By Amy Silverman
By Olivia LaVecchia
By Monica Alonzo and Stephen Lemons
By Chris Parker
By Michael Lacey
By Weston Phippen
But the judge in her case, with the help of her family, did see hope. He gave her a choice -- long-term residential treatment that she had to complete successfully, or prison. If she succeeded at treatment, she could be reunited with her children. If not, they were gone.
A giant stick. A giant carrot.
She went into the Harbor Light program of the Salvation Army, a yearlong inpatient drug treatment program that most closely modeled what national meth-abuse experts say is the most effective treatment protocol for meth-addicted parents.
Voss was one of the last to graduate from the program, which -- as is common with treatment programs in Arizona -- was shut down in 2000 because of lack of funding.
Also, when her baby was born, she was allowed to keep the infant with her at Harbor Light. The center had its own child-care facility.
It takes months for meth to clear the system and for brain chemicals to begin flowing normally again. During the first stages of withdrawal, addicts are alternately lethargic and jittery, their brains craving the drug that, as addiction set in, provided equilibrium.
After a few months, Voss began learning how to function in the real world again. The whole time, too, she was learning to mother again.
Any time she considered getting high, she had to consider losing the baby in her arms.
"You don't know how powerful a deterrent that is until you've been there," she says. "It's hell fighting this addiction. But it was worth it because I could see the rewards. These beautiful children. I had to be there for them."
Once the overwhelming mothering instinct could again be discerned, meth addiction was beatable.
After 12 months essentially locked up at the Salvation Army, Voss began her return to society. But again, as the top research shows, this foray into the real world needs to be supervised. Voss was in a halfway-house setting, with constant counseling at hand, for six more months.
The trick here, treatment experts say, is to help the recovering addict build new friendships and life patterns free of chemicals.
Voss began working again. In time, her older children returned to her. She cleaned up her credit. She bought a car, she bought a house.
Now it's Voss and her four kids taking on the world.
She has her two oldest boys, Brandon, who has graduated high school, and Donnie, who is excelling in high school, both of whom spent much of their childhood living with Maggie's sister.
She has Megan, who is a star student despite spending her early years catering to Maggie's drug friends, and later, running for her life from her mother's violent boyfriend.
And, of course, Ryan, conceived in a meth haze but born drug-free, a born leader at school who has only known his mother as the rock of the family.
"We're a team," she says. "I'm so proud of them, it's crazy. And we're proof that it can be done and that a little extra work from the community is worth it.
"What scares me is the thought of how many women there are who won't get the kind of help I got," she says. "What, thousands of mothers, thousands of children? They can be saved. The community just has to come together to do it the right way."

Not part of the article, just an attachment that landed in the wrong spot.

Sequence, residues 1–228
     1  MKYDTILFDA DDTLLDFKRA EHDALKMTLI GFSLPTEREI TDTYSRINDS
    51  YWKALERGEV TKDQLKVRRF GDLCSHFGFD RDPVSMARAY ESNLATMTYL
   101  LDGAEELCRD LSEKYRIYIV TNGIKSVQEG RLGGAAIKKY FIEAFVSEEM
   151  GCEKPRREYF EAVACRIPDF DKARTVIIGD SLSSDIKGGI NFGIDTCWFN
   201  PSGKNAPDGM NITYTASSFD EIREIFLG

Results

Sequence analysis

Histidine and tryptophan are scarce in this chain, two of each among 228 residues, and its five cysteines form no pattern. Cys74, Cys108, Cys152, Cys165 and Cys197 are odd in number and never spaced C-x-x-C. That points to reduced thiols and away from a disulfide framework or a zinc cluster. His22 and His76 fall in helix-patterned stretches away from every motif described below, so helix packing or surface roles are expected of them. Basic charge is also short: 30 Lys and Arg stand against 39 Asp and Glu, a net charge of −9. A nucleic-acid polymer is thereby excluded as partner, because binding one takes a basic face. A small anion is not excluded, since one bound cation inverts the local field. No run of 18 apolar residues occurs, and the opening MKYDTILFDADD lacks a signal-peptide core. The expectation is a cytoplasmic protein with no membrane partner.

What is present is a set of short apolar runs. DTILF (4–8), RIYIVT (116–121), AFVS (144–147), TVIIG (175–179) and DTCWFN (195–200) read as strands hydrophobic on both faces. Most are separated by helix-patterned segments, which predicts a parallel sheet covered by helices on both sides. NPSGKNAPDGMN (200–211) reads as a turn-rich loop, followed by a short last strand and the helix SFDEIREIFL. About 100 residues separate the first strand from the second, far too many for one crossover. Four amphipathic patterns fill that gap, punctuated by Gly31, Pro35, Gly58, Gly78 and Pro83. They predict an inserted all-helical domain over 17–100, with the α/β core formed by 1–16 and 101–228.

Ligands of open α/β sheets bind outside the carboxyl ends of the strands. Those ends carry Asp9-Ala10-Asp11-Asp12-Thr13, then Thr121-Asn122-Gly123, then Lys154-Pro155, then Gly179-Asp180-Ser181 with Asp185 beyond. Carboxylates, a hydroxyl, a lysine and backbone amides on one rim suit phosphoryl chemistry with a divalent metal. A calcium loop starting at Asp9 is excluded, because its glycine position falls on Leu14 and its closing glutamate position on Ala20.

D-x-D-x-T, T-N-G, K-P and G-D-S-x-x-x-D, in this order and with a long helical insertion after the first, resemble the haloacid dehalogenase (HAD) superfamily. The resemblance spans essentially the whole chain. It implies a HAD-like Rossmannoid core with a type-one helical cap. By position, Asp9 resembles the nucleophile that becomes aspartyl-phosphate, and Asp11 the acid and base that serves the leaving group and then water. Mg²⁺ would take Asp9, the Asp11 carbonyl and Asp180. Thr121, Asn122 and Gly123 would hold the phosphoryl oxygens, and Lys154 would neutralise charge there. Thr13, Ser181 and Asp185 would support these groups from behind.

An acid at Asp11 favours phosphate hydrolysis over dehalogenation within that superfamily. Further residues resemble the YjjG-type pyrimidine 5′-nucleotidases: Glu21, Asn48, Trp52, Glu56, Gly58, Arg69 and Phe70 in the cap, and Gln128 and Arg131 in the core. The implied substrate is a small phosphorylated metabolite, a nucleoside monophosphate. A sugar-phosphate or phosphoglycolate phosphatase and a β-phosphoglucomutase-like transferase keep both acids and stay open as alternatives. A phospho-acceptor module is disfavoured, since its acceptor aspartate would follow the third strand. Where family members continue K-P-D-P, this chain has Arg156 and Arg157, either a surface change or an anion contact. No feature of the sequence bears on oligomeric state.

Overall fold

In their February assessment of Arizona Families F.I.R.S.T., the statewide program for families entering the child-welfare system with substance-abuse problems, University of Arizona researchers made several recommendations for making the program more effective.
They were heartened by the fact that 48 percent of the parents entering the program received at least six months of treatment, mostly on an outpatient basis, an improvement over past years.
"The patterns are promising," researchers said, "given that research on substance-abuse treatment emphasizes that the longer a client remains in treatment, the more likely it is that treatment will result in long-term behavior change."
But that six months of outpatient care is far from reaching a standard of treatment proven effective in households in which meth has taken hold.
In 2004, Dr. Lester's team at Brown finished the most comprehensive analysis yet of drug treatment programs for pregnant women and women with children.
Their first discovery: that women are underserved by treatment programs compared to men, and that pregnant women are grossly underserved.
They also discovered that scarcely little analysis has been done of the effectiveness of the treatment programs that do exist.
That said, though, in limited studies of comprehensive female treatment programs in Hawaii and Los Angeles, it became clear that inpatient programs that allowed mothers to remain in contact with their children provided the greatest chances for success.
"Mothers admitted to the programs with their children had better treatment retention and higher rates of successful treatment completion than women admitted without their children," Lester wrote.
"The authors also suggest that the inclusion of children could strengthen mother self-esteem and mother-child bonds while also improving post-treatment outcomes."
And, he wrote, "results suggest that an intensive day treatment model is more effective than a standard outpatient treatment model for a variety of reasons."